The climbing ability is very impressive, as you might imagine with all that extra power between your legs. The Shimano motor provides smooth power delivery, and the steep seat angle helps when it gets steep to keep your weight nicely balanced between the axles. Long fire road climbs pass by quickly and more technical climbs are a challenge to be relished, not endured.
It’s tempting to hit the Boost mode, but on very steep or loose pitches maintaining traction and keeping the front wheel on the ground can be a challenge; trail mode provides more than enough oomph to get up most ascents. On a regular bike I might flick the shock compression lever for the climbs, but here I found leaving it in full open mode all the time worked just fine since pedalling efficiency is less critical when you’ve got pedal assist. Climbing out of the saddle is largely an unrewarding experience; instead, sitting down and spinning up climbs proved the best way to tackle them.
Range anxiety is a key talking point with an electronically assisted vehicle and the range will depend hugely on the terrain, altitude, rider weight and the mode you use. On the first day, we clocked up 35km and 1,300m of climbing over very technical terrain, with lots of steep climbs and fast descents. I was being economical with modes, largely flicking between Eco and Trail modes. There was still juice in the battery when I finished. The second day of racing was a longer route with more climbing, but keen to demonstrate the ease of battery swapping, we had fresh batteries waiting for us as the lunchtime feed stop so we could be less frugal with the deployment of the assist mode.
Both rides are fairly typical examples of how you might use the e-bike. Either eking out the battery for a full day of riding or swinging back to your car/house to pick up a fresh battery for the second half of the ride.
On the descents, the eOne-Forty is more capable than its travel suggests. The high weight is a benefit when railing high-speed turns, pushing the tires into the ground for better traction and preventing the bike from skittering around on loose surfaces. I was hard pushed to say if the mixed wheel concept was a big benefit, but the smaller rear wheel combined with short chainstays do seem to help in the corners, both on entry and exit, letting you get out of corners quickly so you can then get back on the power.
Despite its weight, the eOne-Forty is reasonably nimble when you get onto a trail with lots of tight turns and awkwardly placed trees. It’s no ballerina like a regular trail bike, and it does take more body language to kick it around the trail, but once you have adapted to this slight change in riding style it’s an involving ride.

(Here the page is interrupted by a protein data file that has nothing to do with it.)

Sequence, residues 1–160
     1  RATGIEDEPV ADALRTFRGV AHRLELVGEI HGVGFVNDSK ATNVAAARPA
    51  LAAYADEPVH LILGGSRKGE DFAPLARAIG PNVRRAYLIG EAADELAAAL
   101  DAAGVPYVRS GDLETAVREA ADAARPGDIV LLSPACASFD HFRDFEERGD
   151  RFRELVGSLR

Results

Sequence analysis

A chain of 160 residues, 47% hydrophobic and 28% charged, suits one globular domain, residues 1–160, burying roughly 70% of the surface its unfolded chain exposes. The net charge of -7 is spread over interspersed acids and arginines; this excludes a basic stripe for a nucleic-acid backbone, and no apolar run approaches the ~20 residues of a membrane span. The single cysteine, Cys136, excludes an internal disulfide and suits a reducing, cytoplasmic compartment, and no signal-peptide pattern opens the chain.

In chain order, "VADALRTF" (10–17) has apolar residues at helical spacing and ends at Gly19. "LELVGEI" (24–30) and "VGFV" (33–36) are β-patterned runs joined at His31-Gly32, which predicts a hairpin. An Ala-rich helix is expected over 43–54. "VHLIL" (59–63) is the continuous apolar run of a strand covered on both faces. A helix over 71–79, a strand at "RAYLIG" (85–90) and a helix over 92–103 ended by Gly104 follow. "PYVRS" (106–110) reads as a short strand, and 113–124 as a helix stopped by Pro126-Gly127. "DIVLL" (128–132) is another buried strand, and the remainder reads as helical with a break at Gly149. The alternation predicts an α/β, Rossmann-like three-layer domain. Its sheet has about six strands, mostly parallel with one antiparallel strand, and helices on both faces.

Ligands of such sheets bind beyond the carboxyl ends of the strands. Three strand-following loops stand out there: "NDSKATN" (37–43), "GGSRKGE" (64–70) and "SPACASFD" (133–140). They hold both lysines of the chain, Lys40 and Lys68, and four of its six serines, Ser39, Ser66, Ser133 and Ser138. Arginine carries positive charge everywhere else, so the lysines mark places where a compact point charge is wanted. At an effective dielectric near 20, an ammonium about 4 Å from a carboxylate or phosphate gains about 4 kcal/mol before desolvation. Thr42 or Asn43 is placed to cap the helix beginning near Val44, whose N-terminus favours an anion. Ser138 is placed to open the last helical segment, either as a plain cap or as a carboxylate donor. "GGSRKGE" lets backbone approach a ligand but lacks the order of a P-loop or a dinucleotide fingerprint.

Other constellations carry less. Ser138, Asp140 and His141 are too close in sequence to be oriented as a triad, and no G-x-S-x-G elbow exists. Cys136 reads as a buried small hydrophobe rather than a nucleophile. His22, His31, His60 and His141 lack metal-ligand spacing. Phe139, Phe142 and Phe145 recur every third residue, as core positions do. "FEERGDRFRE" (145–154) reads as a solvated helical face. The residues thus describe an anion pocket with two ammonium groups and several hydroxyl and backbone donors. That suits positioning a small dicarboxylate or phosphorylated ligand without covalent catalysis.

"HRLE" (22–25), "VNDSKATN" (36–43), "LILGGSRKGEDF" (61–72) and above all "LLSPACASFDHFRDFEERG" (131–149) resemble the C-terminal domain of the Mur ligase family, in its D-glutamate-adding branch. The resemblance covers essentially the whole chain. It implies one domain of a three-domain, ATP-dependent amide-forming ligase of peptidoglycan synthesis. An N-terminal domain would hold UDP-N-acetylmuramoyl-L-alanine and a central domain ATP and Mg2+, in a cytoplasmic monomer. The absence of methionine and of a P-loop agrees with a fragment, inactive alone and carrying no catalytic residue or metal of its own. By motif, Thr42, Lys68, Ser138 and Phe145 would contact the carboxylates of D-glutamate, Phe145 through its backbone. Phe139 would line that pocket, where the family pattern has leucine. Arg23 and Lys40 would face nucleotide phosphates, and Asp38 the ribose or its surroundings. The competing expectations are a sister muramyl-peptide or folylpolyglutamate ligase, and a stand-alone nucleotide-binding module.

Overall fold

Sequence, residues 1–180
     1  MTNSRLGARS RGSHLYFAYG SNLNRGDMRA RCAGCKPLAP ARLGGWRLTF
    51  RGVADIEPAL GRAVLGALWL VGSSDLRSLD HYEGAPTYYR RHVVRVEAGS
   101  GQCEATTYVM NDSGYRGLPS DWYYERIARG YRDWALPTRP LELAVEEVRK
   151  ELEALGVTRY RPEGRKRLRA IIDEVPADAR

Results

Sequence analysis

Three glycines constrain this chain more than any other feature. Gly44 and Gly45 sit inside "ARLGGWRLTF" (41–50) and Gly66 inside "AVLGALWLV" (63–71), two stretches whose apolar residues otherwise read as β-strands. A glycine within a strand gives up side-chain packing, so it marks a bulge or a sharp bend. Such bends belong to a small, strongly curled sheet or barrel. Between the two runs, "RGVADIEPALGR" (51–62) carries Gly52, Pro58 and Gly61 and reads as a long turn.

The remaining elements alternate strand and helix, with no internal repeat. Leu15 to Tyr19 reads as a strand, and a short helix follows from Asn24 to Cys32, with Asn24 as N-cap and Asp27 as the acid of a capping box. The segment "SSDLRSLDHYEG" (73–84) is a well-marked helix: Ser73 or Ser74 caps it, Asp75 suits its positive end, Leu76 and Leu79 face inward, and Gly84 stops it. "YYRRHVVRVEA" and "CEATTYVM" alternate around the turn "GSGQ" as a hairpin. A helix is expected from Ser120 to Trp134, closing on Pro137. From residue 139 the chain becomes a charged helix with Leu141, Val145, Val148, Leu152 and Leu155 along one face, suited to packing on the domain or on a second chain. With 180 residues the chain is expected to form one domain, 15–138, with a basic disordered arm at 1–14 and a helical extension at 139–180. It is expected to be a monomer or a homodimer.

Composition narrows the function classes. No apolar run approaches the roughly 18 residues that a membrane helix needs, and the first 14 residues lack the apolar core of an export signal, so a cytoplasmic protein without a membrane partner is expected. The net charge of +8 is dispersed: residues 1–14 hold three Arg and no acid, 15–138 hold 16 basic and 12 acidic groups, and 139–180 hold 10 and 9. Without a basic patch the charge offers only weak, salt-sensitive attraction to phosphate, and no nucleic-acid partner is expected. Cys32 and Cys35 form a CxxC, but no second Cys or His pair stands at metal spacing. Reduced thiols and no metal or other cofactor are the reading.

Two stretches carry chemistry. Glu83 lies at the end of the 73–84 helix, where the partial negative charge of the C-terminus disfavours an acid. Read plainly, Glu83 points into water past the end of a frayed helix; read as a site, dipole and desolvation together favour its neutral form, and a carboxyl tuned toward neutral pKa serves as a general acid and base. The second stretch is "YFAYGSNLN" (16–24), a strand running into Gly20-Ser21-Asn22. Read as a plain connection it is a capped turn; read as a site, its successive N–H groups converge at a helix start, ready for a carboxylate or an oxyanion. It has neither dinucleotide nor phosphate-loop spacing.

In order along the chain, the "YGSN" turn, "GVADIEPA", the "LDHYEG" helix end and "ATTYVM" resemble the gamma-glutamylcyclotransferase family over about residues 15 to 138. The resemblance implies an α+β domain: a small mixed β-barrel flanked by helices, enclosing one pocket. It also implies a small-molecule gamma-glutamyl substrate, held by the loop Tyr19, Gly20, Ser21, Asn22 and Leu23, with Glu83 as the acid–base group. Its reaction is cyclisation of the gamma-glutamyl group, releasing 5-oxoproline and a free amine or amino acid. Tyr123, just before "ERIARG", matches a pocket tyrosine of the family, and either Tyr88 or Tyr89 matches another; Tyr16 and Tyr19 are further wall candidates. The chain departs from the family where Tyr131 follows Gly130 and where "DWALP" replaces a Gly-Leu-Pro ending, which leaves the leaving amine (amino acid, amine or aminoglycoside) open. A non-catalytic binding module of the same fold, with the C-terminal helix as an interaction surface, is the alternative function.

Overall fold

The fun doesn’t stop as soon as you hit the 15.5mph (25km/h) speed limit either. On steeper trails, the speed limit is largely undetectable. You can carry a lot of speed through technical sections and the motor also helps you get up to speed quickly if you stall on a tricky corner or get hung up on some messy roots. It’s only on flatter high-speed trails where you face the decision to try and pedal beyond this speed limit, or tuck and go aero. I regularly found myself getting to the mid-30s but the effort-to-reward ratio seemed to swing in favor of tucking. This was while trying to race against the clock I should add; on regular rides the speed limit was less intrusive.
Merida has beefed up the components with the bigger disc brake rotors appreciated on the longer runs for slowing the extra mass down into the corners. The Maxxis tires providing reassuring grip, but the weight and speed the bike is capable of pushing the integrity of the tires to the limit. I punctured on the very last stage of the day, tearing the sidewall and punching a hole into the bead area rendering it a write-off for tubeless. The extra weight of chunkier tires would be advantageous.
The Merida eOne-Forty is a well-rounded package with smart looks, neat integration and good geometry numbers, and only really needs some meatier tires if you’re going to ride it anywhere near its full capability. It’s a fun and fast bike that is impressively nimble despite the high weight, and will suit someone seeking to further their riding horizons and distances and want to enjoy the climbs as much as the descents.